To a large extent the work is composite; that is, it is a compilation borrowing or at least using earlier sources. These include the early medieval writer Bede's Historia ecclesiastica gentis Anglorum, a chronicle that was associated with Bede's De temporum ratione, the Chronicon ex chronicis, and William of Poitiers' Gesta Guillelmi II ducis Normannorum. Lesser-used sources include the Anglo-Saxon Chronicle, Orderic Vitalis' Historia Ecclesiastica, Stephen of Ripon's Vita Sancti Wilfrithi, William of Malmesbury's Gesta pontificum Anglorum, a list of the kings of Wessex, the Old English poem The Battle of Maldon, and a number of saints' lives, including some written by Eadmer, Felix, Abbo of Fleury, Goscelin, and Osbern of Canterbury. The work on Maldon was included because the hero of the work was Byrhtnoth, a patron of the monastery.
Works more directly related to Ely were also used. The primary one of these works was Bishop Æthelwold of Winchester's Libellus, large parts of which were copied into the Liber Eliensis. Also incorporated into the Liber was an earlier Vita, or saints' life, on Æthelthryth, the founder and first abbess of Ely. A work on the benefactors of the abbey was also used, and the material from three surviving cartularies. These documents were translated from their original Old English into Latin by the compiler. Another source, as related in the Liber itself, was a work about Hereward written by a brother monk known as Richard. Modern historians have identified it with the Gesta Herwardi known from a 13th-century manuscript. It is, however, unclear whether the compiler of the Liber used the exact text of the Gesta as it has come down to us, or a different, earlier manuscript.
Some of these sources may originally have been oral works. A number of the stories in the narrative parts of the Liber resemble Scandinavian sagas, including the story about King Cnut visiting the monastery and singing an Anglo-Saxon song to the assembled monks. It is possible that the information on Hereward and Byrhtnoth originally came from orally transmitted tales that were written down.
Read more about this topic: Liber Eliensis
Other articles related to "sources, source":
... The Indian king is named as "Mazdai" in Syriac sources, "Misdeos" and "Misdeus" in Greek and Latin sources, which has been connected to the "Bazdeo" on the Kushan coinage of Vasudeva, the transition between "M" and "B ...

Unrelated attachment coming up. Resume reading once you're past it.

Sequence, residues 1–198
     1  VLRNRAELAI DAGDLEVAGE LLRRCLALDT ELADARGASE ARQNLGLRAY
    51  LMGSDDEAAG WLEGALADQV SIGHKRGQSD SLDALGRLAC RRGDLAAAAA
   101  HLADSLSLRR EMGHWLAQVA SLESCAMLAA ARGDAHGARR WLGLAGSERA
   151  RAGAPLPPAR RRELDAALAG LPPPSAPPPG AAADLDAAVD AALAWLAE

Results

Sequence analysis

... Open-source intelligence (OSINT) is intelligence collected from publicly available sources ... community (IC), the term "open" refers to overt, publicly available sources (as opposed to covert or clandestine sources) it is not related to open-source software or public intelligence ...
... Known by Islamic sources as Yung Wei, which was in fact the name of the first era in his reign (Yonghui era from February 650 to February 656 see era name), Islamic sources credit him with building the first mosque, a ... According to these sources, Emperor Gaozong is said to have respected the teachings of Islam greatly, feeling the teachings were compatible with Confucianism ... as he felt Islam was too restrictive for his own preferences, but according to those sources, did not stop him from allowing Sa`d and his company to spread the teachings throughout the region ...
... Beyond that, the ancient sources contain vague allusions to Illyricum as his homeland, to his Pannonian virtues, and to his harsh upbringing along the war-torn Danube frontier ... There is no direct evidence in the ancient sources for their birthdates ... Chlorus, is often called Maximian's stepdaughter by ancient sources, leading to claims by Otto Seeck and Ernest Stein that she was born from an earlier marriage between Eutropia ...
... Fudge, The Crusade Against Heretics in Bohemia, 1418-1437 Sources and Documents for the Hussite Crusades (Crusade Texts in Translation S.) ...
Famous quotes containing the word sources:
“The American grips himself, at the very sources of his consciousness, in a grip of care: and then, to so much of the rest of life, is indifferent. Whereas, the European hasnt got so much care in him, so he cares much more for life and living.”
—D.H. (David Herbert)
“Even healthy families need outside sources of moral guidance to keep those tensions from implodingand this means, among other things, a public philosophy of gender equality and concern for child welfare. When instead the larger culture aggrandizes wife beaters, degrades women or nods approvingly at child slappers, the family gets a little more dangerous for everyone, and so, inevitably, does the larger world.”
—Barbara Ehrenreich (20th century)
“The sources of poetry are in the spirit seeking completeness.”
—Muriel Rukeyser (19131980)